It all started with the emergence of Tiger Woods at the back end of the last century. Never before had the most famous sportsman on the planet been a golfer, a turn of events that brought with it at least one unintended consequence.
Suddenly, golf was perceived as “cool.” Or, at least, that was the widely-held view of the game’s most high-profile practitioner. Tiger was the “new black” in a sport that had previously been the exclusive preserve of middle-class white guys and gals.
Since then, golf has made strenuous efforts to build on its “hip” new image. Appealing to a wider and more diverse demographic was seen as the obvious route to that much over-used phrase, “growing the game.” Not much has worked, of course, if the current decline in worldwide participation is our guide.
But still golf misguidedly tries to make itself more attractive to almost every strand of society. I give you the notorious 16th hole at what used to be called the Phoenix Open but is now saddled with an instantly forgettable corporate title I refuse to look up. What began as a pretty good notion, allowing the previously stoic spectators to play a more active and fun role in the lead-up to tee-shots, has turned into something else entirely. And not in a good way. It is, in fact, a great idea gone mad.
Slow play is a cancer that is severely undermining all of the good work being done elsewhere in the “growing the game” department.
Instead of the paying customers engaging in some good-natured banter with players, the guys with their names on their bags are now routinely subjected to a barrage of
foul-mouthed abuse from what is nothing more than a drunken rabble. Seemingly unaware of what tends to happen when college students – the vast majority of whom have no previous knowledge of golf or golfers – start consuming alcohol around 9am and continue to do so throughout the day, the PGA Tour has created a monster.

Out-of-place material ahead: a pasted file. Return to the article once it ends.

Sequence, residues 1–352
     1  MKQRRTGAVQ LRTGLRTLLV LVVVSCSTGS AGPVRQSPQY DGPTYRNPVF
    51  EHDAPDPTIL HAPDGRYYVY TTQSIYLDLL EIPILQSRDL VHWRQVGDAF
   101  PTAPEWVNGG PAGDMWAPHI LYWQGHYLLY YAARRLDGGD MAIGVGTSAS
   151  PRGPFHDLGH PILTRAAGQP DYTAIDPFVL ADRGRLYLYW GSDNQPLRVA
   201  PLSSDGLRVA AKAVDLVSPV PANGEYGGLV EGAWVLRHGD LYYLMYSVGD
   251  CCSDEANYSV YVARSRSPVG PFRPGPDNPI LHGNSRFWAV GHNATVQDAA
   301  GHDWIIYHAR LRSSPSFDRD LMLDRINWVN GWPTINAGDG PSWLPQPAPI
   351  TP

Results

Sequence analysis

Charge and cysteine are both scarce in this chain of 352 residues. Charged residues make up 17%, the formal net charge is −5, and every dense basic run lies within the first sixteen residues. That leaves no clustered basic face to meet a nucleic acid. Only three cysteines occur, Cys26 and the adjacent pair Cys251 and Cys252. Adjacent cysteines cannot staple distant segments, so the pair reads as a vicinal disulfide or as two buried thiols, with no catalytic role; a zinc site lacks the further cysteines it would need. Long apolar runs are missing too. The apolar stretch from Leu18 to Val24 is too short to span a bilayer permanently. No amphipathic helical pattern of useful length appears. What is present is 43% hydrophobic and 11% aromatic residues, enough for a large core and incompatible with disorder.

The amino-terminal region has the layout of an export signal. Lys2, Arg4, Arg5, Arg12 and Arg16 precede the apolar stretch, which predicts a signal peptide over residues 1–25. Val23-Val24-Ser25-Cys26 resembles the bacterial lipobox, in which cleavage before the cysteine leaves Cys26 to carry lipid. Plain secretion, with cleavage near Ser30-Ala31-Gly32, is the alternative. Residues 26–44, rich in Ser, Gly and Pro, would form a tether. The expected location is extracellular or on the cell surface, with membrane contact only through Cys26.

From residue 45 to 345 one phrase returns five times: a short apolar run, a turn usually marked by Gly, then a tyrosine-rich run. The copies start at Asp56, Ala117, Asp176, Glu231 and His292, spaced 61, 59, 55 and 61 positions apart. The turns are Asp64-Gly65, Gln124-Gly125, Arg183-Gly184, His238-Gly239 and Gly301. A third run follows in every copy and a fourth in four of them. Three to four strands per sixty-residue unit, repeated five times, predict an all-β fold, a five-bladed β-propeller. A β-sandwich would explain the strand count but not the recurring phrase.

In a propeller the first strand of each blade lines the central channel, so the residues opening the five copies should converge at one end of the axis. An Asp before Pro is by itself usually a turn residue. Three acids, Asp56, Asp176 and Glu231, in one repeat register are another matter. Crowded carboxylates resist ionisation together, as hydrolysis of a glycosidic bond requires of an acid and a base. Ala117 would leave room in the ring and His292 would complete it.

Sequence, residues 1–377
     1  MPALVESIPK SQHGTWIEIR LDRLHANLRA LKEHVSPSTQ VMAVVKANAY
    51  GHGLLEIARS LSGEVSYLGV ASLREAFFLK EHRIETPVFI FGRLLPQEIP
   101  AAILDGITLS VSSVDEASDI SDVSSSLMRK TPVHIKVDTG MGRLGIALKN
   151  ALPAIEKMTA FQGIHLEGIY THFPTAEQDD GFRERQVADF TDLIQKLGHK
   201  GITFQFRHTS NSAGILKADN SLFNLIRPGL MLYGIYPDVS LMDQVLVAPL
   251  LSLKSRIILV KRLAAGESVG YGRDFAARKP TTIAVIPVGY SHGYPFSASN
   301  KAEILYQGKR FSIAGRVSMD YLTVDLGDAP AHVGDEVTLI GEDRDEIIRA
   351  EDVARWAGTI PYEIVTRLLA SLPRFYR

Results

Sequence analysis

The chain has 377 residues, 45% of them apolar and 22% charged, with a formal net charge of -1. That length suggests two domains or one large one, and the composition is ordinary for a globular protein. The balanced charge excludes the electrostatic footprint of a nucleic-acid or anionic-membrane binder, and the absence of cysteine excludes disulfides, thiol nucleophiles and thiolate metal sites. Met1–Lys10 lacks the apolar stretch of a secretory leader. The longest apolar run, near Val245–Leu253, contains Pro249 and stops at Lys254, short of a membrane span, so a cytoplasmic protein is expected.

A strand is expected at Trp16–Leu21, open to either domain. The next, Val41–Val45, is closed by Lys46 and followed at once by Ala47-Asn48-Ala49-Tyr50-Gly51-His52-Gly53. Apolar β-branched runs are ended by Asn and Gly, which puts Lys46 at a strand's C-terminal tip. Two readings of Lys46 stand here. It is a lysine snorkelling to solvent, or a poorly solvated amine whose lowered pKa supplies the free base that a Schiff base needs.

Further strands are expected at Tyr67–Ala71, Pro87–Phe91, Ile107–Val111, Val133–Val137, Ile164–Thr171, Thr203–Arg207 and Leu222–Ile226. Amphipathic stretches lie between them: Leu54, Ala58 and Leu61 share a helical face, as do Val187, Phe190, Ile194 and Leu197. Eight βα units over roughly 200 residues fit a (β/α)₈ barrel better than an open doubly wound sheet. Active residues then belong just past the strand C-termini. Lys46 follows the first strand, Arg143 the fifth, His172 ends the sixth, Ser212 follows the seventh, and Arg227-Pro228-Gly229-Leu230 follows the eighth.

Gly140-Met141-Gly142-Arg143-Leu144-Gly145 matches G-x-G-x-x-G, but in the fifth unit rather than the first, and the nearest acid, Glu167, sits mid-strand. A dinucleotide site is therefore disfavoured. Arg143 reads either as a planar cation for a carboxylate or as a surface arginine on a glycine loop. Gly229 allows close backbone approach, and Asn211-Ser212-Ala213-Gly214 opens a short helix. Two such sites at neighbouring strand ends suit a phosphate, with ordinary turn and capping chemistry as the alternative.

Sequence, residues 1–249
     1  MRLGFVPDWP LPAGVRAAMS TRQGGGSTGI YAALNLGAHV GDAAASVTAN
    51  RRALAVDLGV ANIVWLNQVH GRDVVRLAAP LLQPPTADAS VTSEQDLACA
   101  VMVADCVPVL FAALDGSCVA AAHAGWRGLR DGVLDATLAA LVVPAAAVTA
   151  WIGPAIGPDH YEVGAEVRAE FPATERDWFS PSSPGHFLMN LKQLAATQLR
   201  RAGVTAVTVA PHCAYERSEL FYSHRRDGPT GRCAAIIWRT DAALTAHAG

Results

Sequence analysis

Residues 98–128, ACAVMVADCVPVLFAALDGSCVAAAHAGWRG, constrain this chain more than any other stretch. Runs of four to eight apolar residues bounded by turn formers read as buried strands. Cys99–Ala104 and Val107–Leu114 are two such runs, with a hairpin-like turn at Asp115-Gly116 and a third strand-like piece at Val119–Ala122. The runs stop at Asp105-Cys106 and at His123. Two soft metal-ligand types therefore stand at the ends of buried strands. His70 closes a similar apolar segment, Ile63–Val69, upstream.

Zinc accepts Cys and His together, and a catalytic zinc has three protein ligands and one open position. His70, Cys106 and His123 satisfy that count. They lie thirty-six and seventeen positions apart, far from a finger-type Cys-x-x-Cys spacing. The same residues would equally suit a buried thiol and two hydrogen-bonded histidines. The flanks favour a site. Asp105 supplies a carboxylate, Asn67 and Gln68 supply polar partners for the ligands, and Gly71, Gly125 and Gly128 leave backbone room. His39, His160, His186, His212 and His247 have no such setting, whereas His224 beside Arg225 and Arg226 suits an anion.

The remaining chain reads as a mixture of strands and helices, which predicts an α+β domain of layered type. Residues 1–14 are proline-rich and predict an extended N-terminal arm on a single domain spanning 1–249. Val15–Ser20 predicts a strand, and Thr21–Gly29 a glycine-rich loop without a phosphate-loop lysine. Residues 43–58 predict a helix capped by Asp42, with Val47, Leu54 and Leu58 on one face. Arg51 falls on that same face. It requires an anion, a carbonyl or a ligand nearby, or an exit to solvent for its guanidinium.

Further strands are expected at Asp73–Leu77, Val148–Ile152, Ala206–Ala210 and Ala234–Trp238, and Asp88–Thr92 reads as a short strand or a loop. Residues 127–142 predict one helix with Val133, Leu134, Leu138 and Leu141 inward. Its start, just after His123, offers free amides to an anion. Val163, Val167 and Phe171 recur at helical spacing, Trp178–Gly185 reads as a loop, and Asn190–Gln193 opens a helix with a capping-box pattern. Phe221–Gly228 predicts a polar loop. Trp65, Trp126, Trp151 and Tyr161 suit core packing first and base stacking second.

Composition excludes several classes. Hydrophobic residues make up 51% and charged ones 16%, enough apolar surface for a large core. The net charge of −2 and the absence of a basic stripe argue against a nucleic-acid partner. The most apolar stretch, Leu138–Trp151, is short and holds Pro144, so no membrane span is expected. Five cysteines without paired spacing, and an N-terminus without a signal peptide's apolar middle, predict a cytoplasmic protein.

What doesn’t help is that this inebriated mess is portrayed as harmless fun by those paid to “commentate” on television. As so often in golf, the truth of any situation is
the first victim when pots of gold are involved. Heaven forbid that someone like Ian Baker-Finch or Nick Faldo should tell the truth and blurt out their horror at what is taking place in front of their eyes. The aforementioned sponsor – still can’t quite remember its name – would not be pleased. Nor would the faceless suits who run the PGA Tour. All that matters to them is the bottom line. To hang with the game.
Speaking of which – and given all of the above – it is perhaps no surprise that the head suit at the PGA Tour, commissioner Jay Monahan, is willing to sanction the 16th at the Phoenix Open while at the same time expressing no outrage at the turgid pace
of play during every event on his highly-lucrative circuit.
Even when JB Holmes notoriously took more than four minutes to lay-up short of a pond on the final hole of what used to be called the Andy Williams San Diego Open, Monahan was completely unconcerned at what damage such nonsense might be doing to the “image” and “brand” he holds so dear. Unbelievably, he defended the almost immobile performance – the round took close to six hours to complete – and post-match comments of Holmes.
“JB was in the heat of the moment,” Monahan said. “It’s really hard to win out here. You’re trying to think through how you can get on the green in two, with that amount of wind. I think he thought it would subside quickly, and it just would subside and pick back up. And I think he said what he needed to say on that front.”
Perhaps even more surprising was the reaction of Justin Thomas.
“It was a great tournament for JB,” the USPGA champion said. “I have a hard time saying I wouldn’t do anything differently than he did.”
Really? No condemnation? No outrage? No promise to punish this point-missing dope?
Not in our lifetimes. That just does not happen. Not on the PGA Tour. Highlighting any sort of shortcoming would be a concession of guilt, an admission that something is actually awry in the apparently perfect tour world presented to the sorts of multi-national sponsors I can never remember, one where corporate double-speak long ago replaced straight talking.
Anyway, it goes without saying that none of the above is “cool.” Nor is it likely to appeal to a generation of young people whose attention spans have never been shorter. Slow play is a cancer that is severely undermining all of the good work being done elsewhere in the “growing the game” department. And not even drinking heavily is going to make that unpalatable fact go away.
Follow John Huggan on Twitter @johnhuggan